Rolf Petri
Contemporary History

What do you teach at Ca’ Foscari? What are your main research interests? 
My name is Rolf Petri and I teach Contemporary History. I come from a Westphalian farmhouse with no water at the time: not exactly a well-off background, an alienation that is dear to me. Growing up in the 60s and 70s in the middle of the Welfare State gave me access to studies. Degree in Germany, PhD in Florence, research in Venice, Rome and Bielefeld, teaching in Halle, return to Venice. In the first half of my career, economic history prevailed, especially but not exclusively Italian. In the second half, I worked on cultural history and concepts - Heimat, nation, identity, Europe - and on research into Western ideology, revisited along Löwith's line of interpretation. I am currently trying to understand who and why came up with the idea that the Mediterranean was not a sea but a "world".

What are your professional role models / references?
I have met brilliant intellectuals, but putting someone, even the most brilliant, on a pedestal is strange to me because, to paraphrase a German proverb, all anyone has to boil in the end is water. For me, there are virtues exemplified by people I have had the good fortune to meet, such as the curiosity to learn that never fades; the art of harsh criticism that honours the criticised; the ability to involve others; modesty. I could, on the other hand, list a number of anti-models that are unfortunately just as common, the first of which is arrogance, a crass form of stupidity. You can study to hone your logical and rhetorical skills and become a great scholar, but it is not studying that makes you smart.

Have you always known that this was going to be your path?
I have always wanted to do research and discuss it while teaching, but while I was striving to go down this path I did not take it for granted that I would succeed. The academic career is a path filled with trials and obstacles with many possibilities to slip even if it is not your fault and after having already gone quite far. Merit is a necessary but not sufficient condition; it also takes a combination of fortunate opportunities that does not depend on us alone. I was only able to remove this unknown variable from the formula on the day of the call.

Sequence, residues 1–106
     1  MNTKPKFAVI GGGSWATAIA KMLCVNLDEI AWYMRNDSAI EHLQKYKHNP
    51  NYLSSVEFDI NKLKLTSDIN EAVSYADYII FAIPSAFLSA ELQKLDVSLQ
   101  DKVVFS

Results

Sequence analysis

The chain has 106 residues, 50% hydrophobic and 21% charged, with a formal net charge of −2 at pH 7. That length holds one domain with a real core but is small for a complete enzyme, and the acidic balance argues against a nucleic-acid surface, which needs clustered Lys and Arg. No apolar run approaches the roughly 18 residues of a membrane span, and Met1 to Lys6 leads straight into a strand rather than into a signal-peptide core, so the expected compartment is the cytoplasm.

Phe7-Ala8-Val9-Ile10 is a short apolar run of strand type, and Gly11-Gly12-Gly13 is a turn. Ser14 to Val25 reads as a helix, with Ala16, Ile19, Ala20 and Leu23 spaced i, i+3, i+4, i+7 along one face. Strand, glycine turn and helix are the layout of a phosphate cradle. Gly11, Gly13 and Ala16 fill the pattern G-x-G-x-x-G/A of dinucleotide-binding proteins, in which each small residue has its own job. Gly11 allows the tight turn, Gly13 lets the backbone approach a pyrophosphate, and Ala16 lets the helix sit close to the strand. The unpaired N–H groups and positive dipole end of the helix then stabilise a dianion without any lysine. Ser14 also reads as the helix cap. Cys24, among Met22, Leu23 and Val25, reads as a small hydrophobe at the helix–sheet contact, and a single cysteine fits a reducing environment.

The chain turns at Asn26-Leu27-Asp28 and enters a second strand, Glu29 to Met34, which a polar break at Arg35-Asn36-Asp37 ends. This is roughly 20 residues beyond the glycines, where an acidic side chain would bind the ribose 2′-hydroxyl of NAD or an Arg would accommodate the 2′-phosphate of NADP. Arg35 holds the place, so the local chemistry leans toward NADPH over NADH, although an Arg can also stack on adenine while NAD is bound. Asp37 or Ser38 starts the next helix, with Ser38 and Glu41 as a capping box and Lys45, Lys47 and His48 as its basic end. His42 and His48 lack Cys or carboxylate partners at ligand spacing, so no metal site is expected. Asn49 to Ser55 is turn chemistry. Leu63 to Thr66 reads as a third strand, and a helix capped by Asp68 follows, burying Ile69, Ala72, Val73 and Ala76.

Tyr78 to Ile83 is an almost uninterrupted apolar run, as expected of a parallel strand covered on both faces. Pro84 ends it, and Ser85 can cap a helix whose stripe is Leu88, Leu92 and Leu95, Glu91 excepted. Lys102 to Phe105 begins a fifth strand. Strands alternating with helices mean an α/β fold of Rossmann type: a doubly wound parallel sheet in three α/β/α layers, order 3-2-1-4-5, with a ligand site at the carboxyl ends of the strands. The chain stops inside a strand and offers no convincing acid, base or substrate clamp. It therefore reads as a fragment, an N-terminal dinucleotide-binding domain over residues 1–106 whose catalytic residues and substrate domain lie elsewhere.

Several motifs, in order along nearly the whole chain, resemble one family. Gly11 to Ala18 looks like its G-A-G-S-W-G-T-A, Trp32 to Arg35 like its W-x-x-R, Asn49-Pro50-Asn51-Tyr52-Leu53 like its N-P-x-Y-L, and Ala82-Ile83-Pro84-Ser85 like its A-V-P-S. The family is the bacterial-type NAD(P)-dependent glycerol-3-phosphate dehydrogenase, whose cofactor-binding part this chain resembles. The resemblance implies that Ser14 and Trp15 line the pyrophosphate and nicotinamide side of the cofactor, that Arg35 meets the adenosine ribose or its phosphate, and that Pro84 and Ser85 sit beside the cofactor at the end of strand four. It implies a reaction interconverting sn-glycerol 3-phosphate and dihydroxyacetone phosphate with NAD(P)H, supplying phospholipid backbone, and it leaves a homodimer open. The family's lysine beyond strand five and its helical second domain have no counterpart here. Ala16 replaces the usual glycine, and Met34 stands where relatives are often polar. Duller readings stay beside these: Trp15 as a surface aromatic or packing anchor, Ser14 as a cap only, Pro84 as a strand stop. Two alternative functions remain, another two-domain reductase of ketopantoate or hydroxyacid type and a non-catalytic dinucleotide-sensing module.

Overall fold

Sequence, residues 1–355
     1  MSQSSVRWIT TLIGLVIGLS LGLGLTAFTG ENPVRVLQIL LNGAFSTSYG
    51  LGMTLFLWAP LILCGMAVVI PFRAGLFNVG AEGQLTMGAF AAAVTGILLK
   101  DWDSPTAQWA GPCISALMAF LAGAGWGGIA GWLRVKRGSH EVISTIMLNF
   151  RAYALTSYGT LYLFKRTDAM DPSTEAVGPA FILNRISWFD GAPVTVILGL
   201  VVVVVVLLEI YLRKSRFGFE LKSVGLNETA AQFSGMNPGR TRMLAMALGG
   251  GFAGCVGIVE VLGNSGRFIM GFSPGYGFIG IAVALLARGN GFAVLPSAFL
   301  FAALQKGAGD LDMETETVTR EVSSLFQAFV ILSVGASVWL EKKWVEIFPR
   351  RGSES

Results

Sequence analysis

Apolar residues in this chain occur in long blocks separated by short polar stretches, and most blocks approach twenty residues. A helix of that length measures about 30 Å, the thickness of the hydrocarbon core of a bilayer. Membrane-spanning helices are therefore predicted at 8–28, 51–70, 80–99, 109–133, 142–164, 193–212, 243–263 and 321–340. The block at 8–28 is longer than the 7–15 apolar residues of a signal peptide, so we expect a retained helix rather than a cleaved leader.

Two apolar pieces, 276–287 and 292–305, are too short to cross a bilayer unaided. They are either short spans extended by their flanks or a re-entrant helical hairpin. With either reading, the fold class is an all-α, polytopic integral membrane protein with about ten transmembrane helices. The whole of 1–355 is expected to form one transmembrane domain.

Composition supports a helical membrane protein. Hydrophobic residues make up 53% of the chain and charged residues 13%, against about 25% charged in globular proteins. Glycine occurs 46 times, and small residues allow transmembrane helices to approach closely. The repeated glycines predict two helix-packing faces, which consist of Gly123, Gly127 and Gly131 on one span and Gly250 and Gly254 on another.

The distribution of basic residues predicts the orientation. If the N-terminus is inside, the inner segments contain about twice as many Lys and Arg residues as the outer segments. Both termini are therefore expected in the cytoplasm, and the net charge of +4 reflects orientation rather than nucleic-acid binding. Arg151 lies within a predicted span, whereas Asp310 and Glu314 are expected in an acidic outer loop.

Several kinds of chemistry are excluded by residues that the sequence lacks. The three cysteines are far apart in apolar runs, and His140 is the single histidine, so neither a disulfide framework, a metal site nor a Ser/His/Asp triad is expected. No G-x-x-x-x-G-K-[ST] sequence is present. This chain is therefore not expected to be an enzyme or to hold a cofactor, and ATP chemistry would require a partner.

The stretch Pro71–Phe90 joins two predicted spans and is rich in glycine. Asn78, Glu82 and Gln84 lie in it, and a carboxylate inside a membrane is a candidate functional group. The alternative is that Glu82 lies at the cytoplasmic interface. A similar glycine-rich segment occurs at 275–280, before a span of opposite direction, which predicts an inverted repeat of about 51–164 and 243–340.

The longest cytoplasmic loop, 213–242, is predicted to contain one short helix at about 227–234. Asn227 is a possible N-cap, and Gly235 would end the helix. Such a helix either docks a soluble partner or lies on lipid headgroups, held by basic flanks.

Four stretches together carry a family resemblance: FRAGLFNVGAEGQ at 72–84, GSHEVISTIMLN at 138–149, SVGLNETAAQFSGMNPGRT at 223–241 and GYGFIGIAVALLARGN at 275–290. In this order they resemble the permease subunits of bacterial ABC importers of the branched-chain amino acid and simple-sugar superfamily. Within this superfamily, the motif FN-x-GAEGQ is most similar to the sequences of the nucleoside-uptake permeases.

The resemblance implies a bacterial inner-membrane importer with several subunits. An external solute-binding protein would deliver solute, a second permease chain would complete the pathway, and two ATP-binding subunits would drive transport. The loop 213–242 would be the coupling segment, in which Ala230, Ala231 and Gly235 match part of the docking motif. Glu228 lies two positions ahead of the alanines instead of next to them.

What is the aspect of your research you are most passionate about?
I am passionate about the contemporary aspect of history and the historical aspect of the present. Benedetto Croce said that all history is contemporary. Past events and their infinite concatenations form our present, so there are infinite possibilities to recreate them. But past events are irreversibly past. We only find images of them relayed by documents created by equally past actors. Each successive present can only decode those images in its own way. And so each present, under the horizon of its own expectations, ends up constructing another past. There is no better reason to revisit the past than criticising the present and being interested in the future. I am fascinated by the inherent contemporary relevance of historical research.

What has given you the greatest satisfaction in your career?
Publishing a study on which years, sometimes decades, have been spent on is certainly one of the greatest professional satisfactions. Then a passionate discussion with others on in-depth topics in a seminar or conference, when accumulated notions hidden among writings and notes and brain synapses come out in the arena of scientific discussion to challenge, clash or ally with others, to come out enriched and recomposed. Last but not least, when you find in that arena some young but mature person who took his first steps, years ago, with you in a university classroom.

Last update: 28/02/2023